Can the Quantity of Crop Yields Increase Under Elevated CO2 Without Sacrificing Food Quality?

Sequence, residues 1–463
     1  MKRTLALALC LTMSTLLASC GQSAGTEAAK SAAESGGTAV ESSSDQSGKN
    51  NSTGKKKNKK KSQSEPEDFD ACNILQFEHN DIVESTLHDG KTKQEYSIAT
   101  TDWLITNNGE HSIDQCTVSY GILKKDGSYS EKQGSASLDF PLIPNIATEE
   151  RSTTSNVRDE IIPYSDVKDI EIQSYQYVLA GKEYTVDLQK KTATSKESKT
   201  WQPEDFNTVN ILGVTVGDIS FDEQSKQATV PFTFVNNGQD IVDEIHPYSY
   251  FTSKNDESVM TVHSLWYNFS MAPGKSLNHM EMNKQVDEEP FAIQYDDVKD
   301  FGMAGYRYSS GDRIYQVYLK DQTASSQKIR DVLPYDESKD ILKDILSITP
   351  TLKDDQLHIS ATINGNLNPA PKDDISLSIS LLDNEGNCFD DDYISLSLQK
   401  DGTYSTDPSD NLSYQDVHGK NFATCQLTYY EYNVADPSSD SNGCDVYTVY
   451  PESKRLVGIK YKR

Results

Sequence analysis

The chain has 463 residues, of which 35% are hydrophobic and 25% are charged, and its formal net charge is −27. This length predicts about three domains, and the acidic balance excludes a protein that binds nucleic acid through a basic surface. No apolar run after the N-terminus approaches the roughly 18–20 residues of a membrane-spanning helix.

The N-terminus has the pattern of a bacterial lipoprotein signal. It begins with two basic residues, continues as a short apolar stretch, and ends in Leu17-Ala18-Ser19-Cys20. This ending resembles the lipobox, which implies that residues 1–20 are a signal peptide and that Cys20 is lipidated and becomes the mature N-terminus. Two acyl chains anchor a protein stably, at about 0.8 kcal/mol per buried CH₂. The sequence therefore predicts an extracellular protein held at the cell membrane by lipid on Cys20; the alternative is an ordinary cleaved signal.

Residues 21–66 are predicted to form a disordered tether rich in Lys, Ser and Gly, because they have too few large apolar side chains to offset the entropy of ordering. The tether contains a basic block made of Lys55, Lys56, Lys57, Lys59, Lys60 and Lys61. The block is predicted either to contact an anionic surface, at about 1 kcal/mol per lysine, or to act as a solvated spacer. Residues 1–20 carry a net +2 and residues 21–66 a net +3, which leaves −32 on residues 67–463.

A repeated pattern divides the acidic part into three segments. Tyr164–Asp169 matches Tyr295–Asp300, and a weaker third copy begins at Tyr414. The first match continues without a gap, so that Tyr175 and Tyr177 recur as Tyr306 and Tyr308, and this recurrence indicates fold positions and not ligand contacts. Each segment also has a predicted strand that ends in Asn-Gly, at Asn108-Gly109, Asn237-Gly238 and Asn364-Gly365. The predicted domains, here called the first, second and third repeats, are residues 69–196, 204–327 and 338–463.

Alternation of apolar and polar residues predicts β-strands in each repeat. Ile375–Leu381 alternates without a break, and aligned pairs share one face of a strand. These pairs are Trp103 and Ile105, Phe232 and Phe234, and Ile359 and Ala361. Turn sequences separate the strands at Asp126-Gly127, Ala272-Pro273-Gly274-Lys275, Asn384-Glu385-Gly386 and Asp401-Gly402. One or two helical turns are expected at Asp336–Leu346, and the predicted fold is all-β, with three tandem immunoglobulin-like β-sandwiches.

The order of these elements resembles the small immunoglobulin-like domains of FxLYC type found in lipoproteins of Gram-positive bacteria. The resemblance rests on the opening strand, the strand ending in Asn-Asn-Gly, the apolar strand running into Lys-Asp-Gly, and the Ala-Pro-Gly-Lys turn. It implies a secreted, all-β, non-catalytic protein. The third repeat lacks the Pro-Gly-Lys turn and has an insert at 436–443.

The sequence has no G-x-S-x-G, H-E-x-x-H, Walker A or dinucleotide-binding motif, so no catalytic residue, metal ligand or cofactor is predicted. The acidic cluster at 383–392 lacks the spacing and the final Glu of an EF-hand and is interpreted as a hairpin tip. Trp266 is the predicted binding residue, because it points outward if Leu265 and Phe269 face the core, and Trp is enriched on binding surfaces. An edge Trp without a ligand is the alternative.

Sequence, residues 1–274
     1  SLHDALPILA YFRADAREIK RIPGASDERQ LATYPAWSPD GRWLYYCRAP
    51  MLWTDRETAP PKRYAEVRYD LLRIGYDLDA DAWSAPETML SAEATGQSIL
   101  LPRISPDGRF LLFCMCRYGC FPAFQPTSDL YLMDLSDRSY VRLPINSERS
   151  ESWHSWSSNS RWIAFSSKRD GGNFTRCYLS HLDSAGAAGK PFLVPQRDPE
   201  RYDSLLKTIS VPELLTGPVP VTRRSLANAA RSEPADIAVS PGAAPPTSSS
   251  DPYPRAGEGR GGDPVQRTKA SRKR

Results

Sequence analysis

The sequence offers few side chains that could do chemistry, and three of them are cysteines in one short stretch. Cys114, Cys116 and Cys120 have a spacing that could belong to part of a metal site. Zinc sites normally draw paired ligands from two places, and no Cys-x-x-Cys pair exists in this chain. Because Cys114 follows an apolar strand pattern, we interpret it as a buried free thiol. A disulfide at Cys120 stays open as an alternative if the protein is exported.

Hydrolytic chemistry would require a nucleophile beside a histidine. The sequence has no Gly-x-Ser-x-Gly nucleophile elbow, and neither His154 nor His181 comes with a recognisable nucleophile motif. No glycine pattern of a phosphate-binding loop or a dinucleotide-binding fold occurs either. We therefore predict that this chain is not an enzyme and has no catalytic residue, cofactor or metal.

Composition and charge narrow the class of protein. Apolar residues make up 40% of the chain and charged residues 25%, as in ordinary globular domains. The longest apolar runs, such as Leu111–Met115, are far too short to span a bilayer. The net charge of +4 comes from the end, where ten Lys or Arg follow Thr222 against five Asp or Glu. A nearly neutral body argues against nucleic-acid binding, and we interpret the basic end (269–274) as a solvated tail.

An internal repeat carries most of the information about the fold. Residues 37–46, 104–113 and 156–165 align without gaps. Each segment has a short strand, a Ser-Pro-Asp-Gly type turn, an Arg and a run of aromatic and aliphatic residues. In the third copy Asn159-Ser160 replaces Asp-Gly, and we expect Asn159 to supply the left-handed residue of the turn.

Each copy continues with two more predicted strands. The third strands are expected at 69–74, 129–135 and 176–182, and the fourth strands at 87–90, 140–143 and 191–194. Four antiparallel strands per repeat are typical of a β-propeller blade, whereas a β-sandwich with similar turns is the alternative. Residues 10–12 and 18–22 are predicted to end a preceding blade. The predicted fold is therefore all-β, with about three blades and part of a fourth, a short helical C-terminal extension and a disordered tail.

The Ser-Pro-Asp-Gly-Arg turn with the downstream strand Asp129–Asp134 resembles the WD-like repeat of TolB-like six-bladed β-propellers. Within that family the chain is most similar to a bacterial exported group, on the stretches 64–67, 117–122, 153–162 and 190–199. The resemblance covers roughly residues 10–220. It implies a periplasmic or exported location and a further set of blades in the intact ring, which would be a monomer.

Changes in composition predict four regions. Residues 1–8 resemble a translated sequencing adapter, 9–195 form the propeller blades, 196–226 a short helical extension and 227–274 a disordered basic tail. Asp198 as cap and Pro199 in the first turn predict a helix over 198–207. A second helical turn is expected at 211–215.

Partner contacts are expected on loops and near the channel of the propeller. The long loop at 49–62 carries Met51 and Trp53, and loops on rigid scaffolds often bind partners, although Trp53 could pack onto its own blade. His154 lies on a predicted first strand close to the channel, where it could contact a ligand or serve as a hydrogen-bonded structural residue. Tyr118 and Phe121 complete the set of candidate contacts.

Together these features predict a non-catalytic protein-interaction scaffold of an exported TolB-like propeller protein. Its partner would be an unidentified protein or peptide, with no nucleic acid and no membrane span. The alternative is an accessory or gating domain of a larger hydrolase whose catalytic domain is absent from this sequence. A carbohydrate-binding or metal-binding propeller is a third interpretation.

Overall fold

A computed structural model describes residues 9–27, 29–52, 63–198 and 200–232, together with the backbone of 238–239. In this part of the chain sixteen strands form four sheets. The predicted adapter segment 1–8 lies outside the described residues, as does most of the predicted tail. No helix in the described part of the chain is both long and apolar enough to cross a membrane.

Paper Reviewed Sultana, H., Suter, H.C., Armstrong, R., Nicolas, M.E. and Chen, D. 2018. The effectiveness of nitrification inhibitor application on grain yield and quality, fertilizer nitrogen recovery and soil nitrous oxide emissions in a legume-wheat rotation under elevated carbon dioxide (FACE). Soil Research 56: 145-157. Long-term exposure to elevated atmospheric CO2 concentrations often, but not always, elicits photosynthetic acclimation or down regulation in plants, which is typically accompanied by reduced amounts of rubisco and/or other photosynthetic proteins that are typically present in excess amounts in ambient air. As a consequence of this latter phenomenon, plant nitrogen concentrations (foliar nitrogen, in particular) often decrease with atmospheric CO2 enrichment, as nitrogen is mobilized out of leaves and into other areas of the plant to increase its availability for enhancing sink development or stimulating other nutrient-limited processes. In reviewing the literature in this area, one quickly notices that despite the fact that photosynthetic acclimation has occurred, CO2-enriched plants nearly always display rates of photosynthesis that are greater than those of control plants exposed to ambient air. Consequently, photosynthetic nitrogen-use efficiency, i.e., the amount of carbon converted into sugars during the photosynthetic process per unit of leaf nitrogen, often increases dramatically in CO2-enriched plants. And, as overall plant nitrogen-use efficiency increases with the ongoing rise in the atmosphere’s CO2 concentration, it is likely that plants will grow ever better on soils containing less-than-optimal levels of this important soil nutrient. Notwithstanding the CO2-induced improvement in plant nitrogen-use efficiency, concerns have been expressed that some plants might become less nutritious because of a decrease in their plant nitrogen concentration. Some studies, for example, have observed a small (6-10%) decline in cereal grain nitrogen under elevated CO2 despite an overall increase in plant nitrogen content. Consequently, researchers are searching for ways in which society might still be able to have its proverbial cake and eat it too — to reap the benefits of increased crop yields without sacrificing grain nitrogen concentration. The latest group to conduct such an analysis was that of Sultana et al. (2018). Writing as background for their work, the five Australian scientists state that “application of a nitrification inhibitor may be beneficial as a nitrogen management strategy under elevated carbon dioxide, by enhancing ammonium nutrition, achieving better synchronization of nitrogen supply to crop demand by reducing the nitrate-related nitrogen losses, and by changing the grain nitrogen concentrations.” To test their hypothesis, Sultana et al. grew spring wheat (Triticum aestivum, cv. Yitpi) for a full season at the Australian Grains Free-Air Carbon Dioxide Enrichment (AGFACE) facility in Horsham, Victoria, Australia in 2011. Elevated CO2 levels were maintained at 550 ppm during daylight hours only and were approximately 150 ppm greater than that observed in the ambient CO2 treatment. Other variables examined included (1) the presence or absence of a nitrogen inhibitor (3,4-dimethylpyrazole phosphate), which was applied three times over the course of the growing season in half of the treatments, and (2) plant water supply (half the plants were rainfed and half were irrigated). Results indicated that elevated CO2 increased both the grain and straw yield of the wheat by 26 and 32%, respectively, and that both grain and straw yields were 16% higher under irrigated conditions than under rainfed conditions (see Figure 1). Application of the nitrogen inhibitor (NI) stimulated grain nitrogen content by 15% over non-NI grown plants. Grain nitrogen content was also 19% higher under elevated CO2 than ambient CO2 and 10% higher in irrigated treatments over non-irrigated treatments. With respect to nitrogen concentration, application of the NI increased grain nitrogen concentration by 12%, whereas water supply and atmospheric CO2 concentration were reported by the authors as having “no impact.” Straw nitrogen concentration, on the other hand, decreased 20% under elevated CO2 when the NI was applied. Consequently, Sultana et al. report that “as a consequence of NI the grain nitrogen harvest index (the proportion of the total plant nitrogen in the grain at maturity) increased from 79% at ambient atmospheric CO2 concentration to 82% under elevated atmospheric CO2.” In commenting on their several findings, the authors say that, given the small (4%) but significant increase in grain nitrogen harvest index they observed under NI treatment conditions, the NI “may have enhanced the mobilization of nitrogen towards the grain,” adding that “the higher wheat grain nitrogen concentration and nitrogen accumulation with NI use observed in [their experiment] both under ambient and elevated atmospheric CO2 conditions will have positive outcomes in terms of the nutrient value of the crop.” Thus, it does appear that when it comes to rising atmospheric CO2, there is a way that we can have our cake and eat it too, enjoying both the forecasted increases in crop yields to feed the ever-growing world population without sacrificing plant nutritional quality. And that is great news worth reporting!